Once on the premises, your electronic restorer will evaluate the type of damage and take the appropriate measures. Experts in the fields of restoration and electronic restoration will come up with the correct course of action for your particular needs and develop a plan to get you back up and running as quickly as possible.

In the case of fire damage, hydrochloric acid (HCl) is one of the biggest problems. When this is mixed with water from sprinkler systems or fire hoses, the corrosion of electronics progresses rapidly. This corrosive effect, however, can be minimized by applying a protective lubricant directly on the electronic components, removing all water from the room and lowering the relative humidity to below 40%. Once this is done, the chemical reaction of hydrochloric acid and metals will be drastically reduced and will allow technicians the time needed to restore your electronics.

When a room or area is flooded, turn off all electronic devices as soon as possible. This would seem to be common sense, but many times in the chaos of disaster the simplest and most important measures are forgotten. Once electronic equipment is turned off, batteries removed and battery back-ups turned off, they will endure exposure to water relatively well. The longer the equipment is on, while partially or fully in water, the greater the chance for more significant and irreparable damage and short-circuiting. Once water comes in contact with the metal on circuit boards, the corrosion process has begun. Thus, it is essential for drying to begin as soon as possible, either by removing all water and lowering the relative humidity or removing the electrical equipment and placing it in drying rooms or drying ovens. When all the water has dried, your electronic restorer will use the appropriate chemicals to remove any contaminants, such as mud or lime residue.

To determine if other contaminants are present, your electronic restoration experts will perform additional evaluation procedures. This is essential in order to select the appropriate cleaning compound to remove the contaminant without harming the electronics in any way.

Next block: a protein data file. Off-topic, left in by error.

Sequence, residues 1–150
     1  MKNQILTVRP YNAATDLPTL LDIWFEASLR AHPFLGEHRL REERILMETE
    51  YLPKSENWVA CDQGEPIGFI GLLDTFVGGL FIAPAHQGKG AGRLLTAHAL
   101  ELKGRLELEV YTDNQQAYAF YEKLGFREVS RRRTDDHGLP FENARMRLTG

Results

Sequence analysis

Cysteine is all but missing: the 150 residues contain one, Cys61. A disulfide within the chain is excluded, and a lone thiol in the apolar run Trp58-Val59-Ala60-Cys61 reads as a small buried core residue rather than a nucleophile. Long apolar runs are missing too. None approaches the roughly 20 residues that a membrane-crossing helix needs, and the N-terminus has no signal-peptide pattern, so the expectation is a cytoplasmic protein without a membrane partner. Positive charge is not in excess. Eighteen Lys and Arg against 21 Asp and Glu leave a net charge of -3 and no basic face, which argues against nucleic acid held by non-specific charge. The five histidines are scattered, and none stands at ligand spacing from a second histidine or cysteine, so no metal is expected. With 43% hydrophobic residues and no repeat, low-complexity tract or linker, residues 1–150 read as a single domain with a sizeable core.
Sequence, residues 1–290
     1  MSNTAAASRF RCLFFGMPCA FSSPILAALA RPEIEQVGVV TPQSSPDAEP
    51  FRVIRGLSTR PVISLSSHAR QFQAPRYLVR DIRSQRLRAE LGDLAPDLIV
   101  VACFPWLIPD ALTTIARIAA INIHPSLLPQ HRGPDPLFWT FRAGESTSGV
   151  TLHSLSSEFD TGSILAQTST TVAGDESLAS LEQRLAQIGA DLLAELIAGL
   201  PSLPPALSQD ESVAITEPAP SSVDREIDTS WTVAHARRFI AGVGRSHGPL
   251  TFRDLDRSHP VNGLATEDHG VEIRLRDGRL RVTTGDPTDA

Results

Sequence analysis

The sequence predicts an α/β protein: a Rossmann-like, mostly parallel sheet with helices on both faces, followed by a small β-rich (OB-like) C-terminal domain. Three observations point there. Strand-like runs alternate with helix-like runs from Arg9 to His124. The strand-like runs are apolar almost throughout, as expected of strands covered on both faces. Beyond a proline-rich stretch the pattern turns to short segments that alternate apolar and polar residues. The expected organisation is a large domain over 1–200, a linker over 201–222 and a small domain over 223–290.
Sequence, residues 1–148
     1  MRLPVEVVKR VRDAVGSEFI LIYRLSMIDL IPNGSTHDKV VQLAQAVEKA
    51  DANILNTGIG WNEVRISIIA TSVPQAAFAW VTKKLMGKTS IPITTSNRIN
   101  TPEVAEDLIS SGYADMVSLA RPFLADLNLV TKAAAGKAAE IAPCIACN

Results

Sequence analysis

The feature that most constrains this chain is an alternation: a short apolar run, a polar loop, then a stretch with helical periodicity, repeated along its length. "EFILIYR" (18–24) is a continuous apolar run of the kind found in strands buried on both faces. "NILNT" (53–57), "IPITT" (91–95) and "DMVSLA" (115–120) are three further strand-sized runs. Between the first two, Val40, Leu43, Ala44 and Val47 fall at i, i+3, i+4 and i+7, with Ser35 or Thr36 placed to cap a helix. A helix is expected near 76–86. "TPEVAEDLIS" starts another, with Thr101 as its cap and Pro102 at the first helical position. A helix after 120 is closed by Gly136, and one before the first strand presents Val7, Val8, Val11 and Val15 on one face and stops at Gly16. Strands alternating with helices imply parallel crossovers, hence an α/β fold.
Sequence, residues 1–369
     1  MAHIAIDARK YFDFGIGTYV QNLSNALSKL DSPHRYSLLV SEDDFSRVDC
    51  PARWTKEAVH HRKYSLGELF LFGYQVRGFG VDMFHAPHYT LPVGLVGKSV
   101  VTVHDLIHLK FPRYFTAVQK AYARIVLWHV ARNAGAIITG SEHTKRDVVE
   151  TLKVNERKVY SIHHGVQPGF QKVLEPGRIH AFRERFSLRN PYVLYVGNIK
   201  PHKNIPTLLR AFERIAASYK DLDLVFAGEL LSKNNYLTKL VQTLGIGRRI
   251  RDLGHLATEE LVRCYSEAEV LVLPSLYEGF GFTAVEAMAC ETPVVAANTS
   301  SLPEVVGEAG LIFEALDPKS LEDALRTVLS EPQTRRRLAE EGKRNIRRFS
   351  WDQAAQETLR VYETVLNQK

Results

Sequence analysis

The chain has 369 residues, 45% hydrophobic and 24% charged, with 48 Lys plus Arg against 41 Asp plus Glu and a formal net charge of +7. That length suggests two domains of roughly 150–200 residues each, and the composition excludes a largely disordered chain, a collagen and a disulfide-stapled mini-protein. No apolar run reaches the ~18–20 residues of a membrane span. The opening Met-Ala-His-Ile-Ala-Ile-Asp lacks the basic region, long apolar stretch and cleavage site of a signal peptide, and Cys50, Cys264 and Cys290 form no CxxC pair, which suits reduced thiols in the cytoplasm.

Cleaning Process

To completely remove contaminants, all equipment components must be accessible. The cleaning process is done in the following five steps:

1. Disassemble the equipment - down to the last circuit board, if necessary, so that all components can be accessed.
2. Carefully decontaminate all individual components.
3. Perform visual and chemical tests to ensure the success of the cleaning operation.
4. Reapply protective coatings as needed.
5. Reassemble equipment.

All of these procedures must be carried out by trained and experienced electronic technicians to ensure the success of the restored equipment. Highly qualified technicians are able to dismantle any electronic device and reassemble it after a successful cleaning process. This can only be accomplished routinely if your electronic restoration company has an established system for uniform disassembly and reassembly. Most qualified electronic restoration companies have engineers, chemists, and technical publications at their disposal in order to develop unique solutions to new challenges.

Success and Reliability of Restored Electronic Equipment

How successful is the restoration process and how reliable are the electronic components after restoration? It is estimated that 60 - 70% of all restored systems go back into operation without further repairs or disturbances. Observations of restored systems over a long period of time have shown that the reliability of the system is at least equal, in some cases better, than before the damage occurred. To give one example, a manufacturer of highly sensitive film capacitors (Styroflex capacitors) required expert electronic restoration after fire damaged their plant. The components were unsoldered from the circuit boards and cleaned. The restored capacitors were then compared to brand new capacitors of the same design from the same manufacturer. It was revealed that the cleaned capacitors had better quality factors and a smaller resistance spread than the new ones from the manufacturer. In the past, it was often argued that electronic restoration was neither cost effective nor reliable. Clearly, this argument is no longer defensible.

Now imagine the two scenarios at the beginning of this article. Instead of panicking, rest assured that you have pre-selected a highly qualified electronics restorer as part of your business continuity plan. Of course there will be problems due to the flood or the fire, but you know your electronic restoration expert will assist in your recovery by successfully restoring your electronic equipment.

About the Author
Vernon Duty is a Regional Manager for BELFOR USA. His electronic restoration background includes Team Leader training from BELFOR Relectronic-Remech in Munich, Germany. Through his work with BELFOR, he has participated in hundreds of electronic restorations covering a wide range of applications from computers to the most sophisticated medical and manufacturing equipment. For more information, contact Vernon at BELFOR USA's Atlanta, Georgia office (770) 939-0128 or at Vernon.Duty@us.belfor.com.

Russ Dunbar is a Project Manager for BELFOR USA. He is a graduate of Georgia Tech where he specialized in electronics and machinery. For more information contact Russ at BELFOR USA's Atlanta, Georgia office (770) 939-0128 or at Russ.Dunbar@us.belfor.com.